A study carried out by the University of Hertfordshire has revealed some statistics that even I find quite shocking. Saying this, the study was carried out on behalf of UK Music - an umbrella organisation representing the interests of groups within the UK music industry so take the results with a pinch of salt.
The key findings of the research revealed that 14 to 24 year olds amass a collection of around 8,000 tracks on average. If these were all gained illegally, that’s about six to eight thousand of our Great British pounds the music industry has lost, just from one person. My music collection barely tops two thousand tracks so for me this is quite a surprising statistic. On the other hand, the accessibility of illegal music on the internet – forums, torrents etc. – means that huge numbers of tracks can be downloaded over a small period of time.
Another result of the study revealed that, although the percentage of people who admitted to illegally downloading music has reduced by 3% on last year, 61% still admitted to it this year. This is not as high as I would have expected but I think you still have to account for those who did not admit to it when answering this question. The real value may be a little or a lot higher than this.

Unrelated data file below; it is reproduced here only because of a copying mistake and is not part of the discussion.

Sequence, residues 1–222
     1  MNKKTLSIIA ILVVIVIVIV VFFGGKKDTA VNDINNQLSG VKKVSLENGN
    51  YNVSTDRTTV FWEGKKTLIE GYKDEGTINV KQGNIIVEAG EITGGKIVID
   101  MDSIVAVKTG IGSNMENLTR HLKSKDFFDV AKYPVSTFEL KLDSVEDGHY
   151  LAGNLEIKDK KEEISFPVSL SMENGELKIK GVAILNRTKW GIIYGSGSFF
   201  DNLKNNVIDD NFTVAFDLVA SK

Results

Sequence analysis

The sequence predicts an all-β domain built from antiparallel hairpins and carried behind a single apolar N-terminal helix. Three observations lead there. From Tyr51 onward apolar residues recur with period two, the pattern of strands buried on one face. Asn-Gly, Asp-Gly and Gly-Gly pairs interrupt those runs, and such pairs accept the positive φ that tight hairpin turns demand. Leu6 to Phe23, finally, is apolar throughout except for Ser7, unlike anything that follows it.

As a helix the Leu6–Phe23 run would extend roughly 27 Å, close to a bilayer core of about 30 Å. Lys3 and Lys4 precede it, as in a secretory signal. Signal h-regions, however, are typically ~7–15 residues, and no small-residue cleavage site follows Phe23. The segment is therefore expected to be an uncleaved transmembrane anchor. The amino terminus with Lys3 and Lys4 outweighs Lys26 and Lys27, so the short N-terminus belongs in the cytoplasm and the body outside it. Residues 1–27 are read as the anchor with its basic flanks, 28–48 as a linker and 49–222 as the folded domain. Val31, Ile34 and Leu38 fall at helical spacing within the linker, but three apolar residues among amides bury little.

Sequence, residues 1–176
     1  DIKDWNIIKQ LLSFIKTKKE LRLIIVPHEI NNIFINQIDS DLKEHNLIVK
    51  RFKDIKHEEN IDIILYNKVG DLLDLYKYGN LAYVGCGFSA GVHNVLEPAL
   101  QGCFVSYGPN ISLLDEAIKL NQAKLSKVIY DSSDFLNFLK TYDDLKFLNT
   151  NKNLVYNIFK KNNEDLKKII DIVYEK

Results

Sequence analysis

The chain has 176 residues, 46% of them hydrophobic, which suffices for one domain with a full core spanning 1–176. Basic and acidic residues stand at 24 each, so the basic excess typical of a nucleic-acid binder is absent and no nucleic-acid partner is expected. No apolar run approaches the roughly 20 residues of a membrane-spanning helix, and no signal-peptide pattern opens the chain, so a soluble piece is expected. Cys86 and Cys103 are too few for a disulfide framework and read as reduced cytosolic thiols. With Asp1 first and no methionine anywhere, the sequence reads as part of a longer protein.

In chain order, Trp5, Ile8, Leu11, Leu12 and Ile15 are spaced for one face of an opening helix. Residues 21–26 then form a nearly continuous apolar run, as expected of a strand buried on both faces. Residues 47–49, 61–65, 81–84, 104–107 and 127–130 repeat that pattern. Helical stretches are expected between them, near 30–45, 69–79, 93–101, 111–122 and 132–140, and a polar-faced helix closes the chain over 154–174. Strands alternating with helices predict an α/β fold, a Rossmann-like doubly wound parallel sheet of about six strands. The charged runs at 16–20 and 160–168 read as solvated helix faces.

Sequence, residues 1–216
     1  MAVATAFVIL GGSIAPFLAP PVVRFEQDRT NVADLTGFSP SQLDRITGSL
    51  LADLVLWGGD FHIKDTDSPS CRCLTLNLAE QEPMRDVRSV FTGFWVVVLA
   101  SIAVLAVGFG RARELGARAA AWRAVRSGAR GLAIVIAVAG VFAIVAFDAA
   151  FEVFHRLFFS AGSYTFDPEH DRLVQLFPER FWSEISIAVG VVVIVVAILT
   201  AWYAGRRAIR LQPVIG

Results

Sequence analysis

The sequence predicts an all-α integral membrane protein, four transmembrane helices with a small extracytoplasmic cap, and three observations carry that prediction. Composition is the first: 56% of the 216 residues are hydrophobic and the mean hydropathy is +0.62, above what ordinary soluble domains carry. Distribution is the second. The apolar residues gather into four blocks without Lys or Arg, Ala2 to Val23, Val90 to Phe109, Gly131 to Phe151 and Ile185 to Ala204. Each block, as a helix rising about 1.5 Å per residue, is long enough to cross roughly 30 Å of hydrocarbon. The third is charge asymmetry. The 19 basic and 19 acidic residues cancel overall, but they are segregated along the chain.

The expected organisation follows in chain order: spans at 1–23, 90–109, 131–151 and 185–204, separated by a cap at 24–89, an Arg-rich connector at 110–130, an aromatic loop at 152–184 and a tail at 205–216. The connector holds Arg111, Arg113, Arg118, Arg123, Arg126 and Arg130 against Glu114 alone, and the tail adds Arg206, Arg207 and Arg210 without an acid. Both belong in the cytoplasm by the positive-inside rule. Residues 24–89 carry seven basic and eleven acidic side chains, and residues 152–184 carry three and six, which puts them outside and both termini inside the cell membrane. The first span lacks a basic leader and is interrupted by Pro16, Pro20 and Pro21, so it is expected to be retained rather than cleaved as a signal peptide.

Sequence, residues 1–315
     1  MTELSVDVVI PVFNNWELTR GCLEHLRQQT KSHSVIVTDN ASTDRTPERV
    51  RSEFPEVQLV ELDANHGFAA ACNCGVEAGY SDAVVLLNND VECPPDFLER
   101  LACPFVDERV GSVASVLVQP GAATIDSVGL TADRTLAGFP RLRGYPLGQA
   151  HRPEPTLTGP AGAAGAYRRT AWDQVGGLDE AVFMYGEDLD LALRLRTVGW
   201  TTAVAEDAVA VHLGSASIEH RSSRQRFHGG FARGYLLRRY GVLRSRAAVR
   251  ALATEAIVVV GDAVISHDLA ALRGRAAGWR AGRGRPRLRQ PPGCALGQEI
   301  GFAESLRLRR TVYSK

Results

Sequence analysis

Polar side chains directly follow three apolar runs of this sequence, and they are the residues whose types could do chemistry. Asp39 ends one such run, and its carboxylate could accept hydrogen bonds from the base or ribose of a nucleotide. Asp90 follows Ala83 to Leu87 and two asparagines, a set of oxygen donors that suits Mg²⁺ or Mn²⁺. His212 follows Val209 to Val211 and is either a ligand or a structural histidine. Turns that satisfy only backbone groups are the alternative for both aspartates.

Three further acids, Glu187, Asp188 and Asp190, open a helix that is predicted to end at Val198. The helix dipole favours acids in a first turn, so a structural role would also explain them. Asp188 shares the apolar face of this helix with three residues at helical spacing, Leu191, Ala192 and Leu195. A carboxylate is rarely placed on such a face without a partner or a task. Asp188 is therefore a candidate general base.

Illegally downloading music, among other media, is a huge issue at the moment and it seems it will continue to be unless the music industry and their customers listen to each other and compromise. People want free music and they want it on demand. This will never change. Some service providers, and even governments, have taken drastic action to stop illegal file sharing but people have found, and always will find, ways to get around the blockades imposed. Have a read of the report and see what you think and whether you agree with the findings.